Discovery Laboratories: Delay in Completion of Aerosurf Phase 2a Trial and Continued Disappointing Sales of Surfaxin Weigh on the Stock (DSCO, $1.53, Hold)
- Phase 2a Aerosurf trial completion has been pushed back to 1Q, 2015 from 4Q, 2014.
- All important topline results from Aerosurf phase 2b proof of concept trial are likewise pushed back from 2H, 2015 to 1H, 2016.
- Management mention of pneumothoraxes seen in phase 2a startled investors, but is not likely to be an issue in completing phase 2a or conducting phase 2b trials.
- Surfaxin sales remain minimal at $106,000 in the quarter.
- The trial delays probably mean that the Company will have to raise capital and/or partner Aerosurf by mid-2015 before phase 2b results are available.
- I still believe in the potential of Aerosurf and Surfaxin. However, I am selling my stock to take a tax loss and intend to buy the stock back before phase 2a results are announced in 1Q, 2015.
First Quarter Conference Call Was Disappointing
Discovery Laboratories held a conference call on November 6, 2014 that was downbeat and has resulted in a further slide in the stock from $1.78 before the call to a current price of $1.53. The Company pushed back the timeline for releasing results from the phase 2a trial of Aerosurf and reported that the sales results for Surfaxin were only $106,000 in the third quarter and $176,000 for year to date.
The Company’s guidance at the beginning of the year was that the phase 2a trial would be completed in 3Q, 2014 and then was changed to 4Q, 2014. Now once again they have pushed it back to 1Q, 2015. Similarly, the original sales guidance for Surfaxin was that it would achieve $8 to $12 million in the first full year of marketing following its launch early this year. It now looks like $500,000 or so of sales could be realized. Adding a touch of alarm to the call, the Company pointed out that the incidence of pneumothoraxes in the phase 2a trial was greater in the Aerosurf treated babies than control. I discuss this in detail later in this note.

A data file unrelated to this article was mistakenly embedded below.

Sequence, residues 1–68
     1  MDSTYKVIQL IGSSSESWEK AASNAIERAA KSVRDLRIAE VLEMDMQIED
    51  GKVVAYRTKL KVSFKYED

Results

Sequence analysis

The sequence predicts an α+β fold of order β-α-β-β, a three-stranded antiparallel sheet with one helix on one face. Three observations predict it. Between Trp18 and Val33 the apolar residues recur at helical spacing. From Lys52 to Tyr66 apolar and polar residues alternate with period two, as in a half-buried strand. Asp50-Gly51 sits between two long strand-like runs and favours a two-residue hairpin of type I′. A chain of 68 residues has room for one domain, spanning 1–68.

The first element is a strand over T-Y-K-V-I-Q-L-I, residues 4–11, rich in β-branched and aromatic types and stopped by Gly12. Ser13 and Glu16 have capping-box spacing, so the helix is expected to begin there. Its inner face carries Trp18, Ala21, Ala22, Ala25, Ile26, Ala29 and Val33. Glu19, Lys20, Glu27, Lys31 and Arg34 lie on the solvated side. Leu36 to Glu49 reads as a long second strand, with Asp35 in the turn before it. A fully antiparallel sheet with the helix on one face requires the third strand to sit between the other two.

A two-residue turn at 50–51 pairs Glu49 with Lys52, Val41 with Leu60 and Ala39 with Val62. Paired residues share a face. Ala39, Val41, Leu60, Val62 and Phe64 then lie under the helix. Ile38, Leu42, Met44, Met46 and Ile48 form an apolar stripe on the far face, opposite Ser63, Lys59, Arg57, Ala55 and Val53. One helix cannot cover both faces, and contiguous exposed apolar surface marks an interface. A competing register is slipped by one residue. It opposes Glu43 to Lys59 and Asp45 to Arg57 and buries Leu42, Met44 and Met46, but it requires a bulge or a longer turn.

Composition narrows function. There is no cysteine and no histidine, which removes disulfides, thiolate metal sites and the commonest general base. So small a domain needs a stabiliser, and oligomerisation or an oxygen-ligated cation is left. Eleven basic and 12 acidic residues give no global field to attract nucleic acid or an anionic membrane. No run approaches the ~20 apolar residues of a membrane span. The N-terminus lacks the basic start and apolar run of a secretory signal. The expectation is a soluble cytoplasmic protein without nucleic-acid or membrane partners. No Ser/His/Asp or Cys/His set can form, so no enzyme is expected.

This delay is obviously a significant near term negative for the stock as it further delays the start of the phase 2 b trial. This proof of concept trial for Aerosurf is the key for a significant price inflection (assuming a positive outcome) as this would suggest a high probability of success for phase 3. This would be a major catalyst for the stock. Investors are now unlikely to see the phase 2b results until 1H, 2016. There might be some encouraging data reported from phase 2a in 1Q, 2015 suggesting benefit from Aerosurf administration. However, this is a trial aimed at determining safety and is enrolling only 42 babies. Hence, signals of efficacy would be suggestive rather than definitive.
This delay in the completion of phase 2a and the subsequent delay in the start and completion of phase 2b is a significant negative for the financial status of the Company. Discovery ended 3Q, 2014 with $55 million of cash and throughout the first three quarters of 2014 burned about $10 million of cash per quarter. At this rate, they would run out of cash somewhere in 1Q, 2016. The original hope was to complete the phase 2b trial in 2H, 2015 and with positive results, it would have been highly likely that they could have raised capital at a much higher price and/or bring in a partner to help finance the phase 3 trial. It now appears that they will have to rely on phase 2a data if they elect to raise capital and the price of the offering would be at a lower level. Originally, management wanted to wait for phase 2b data to enter into a partnering deal. They may now have to move sooner which would result in less lucrative upfront terms.
I still believe in the potential of Surfaxin and especially Aerosurf. I am very disappointed by the delay in the phase 2a and 2b trials as they were critical to my investment thesis for 2015. We are now in an information limbo until early 2015 when phase 2a results become available and possibly until 1H, 2016 when phase 2b topline results could be available. I think that the one case that I can make for a near term (within two years) move in the stock would be selling the Company. The Company currently has a market capitalization of about $132 million and assuming that they were to raise $25 million of equity this year that would bring the market capitalization to $157 million. Adding on the $30 million of debt owed to Deerfield Capital brings the enterprise value to $187 million in 2015. A 50% premium to the current price would be about $2.75 and a takeover price of $265 million. This seems pretty inexpensive for the potential value of Surfaxin and Aerosurf. However, I think that the chances for a sale of the Company are very small.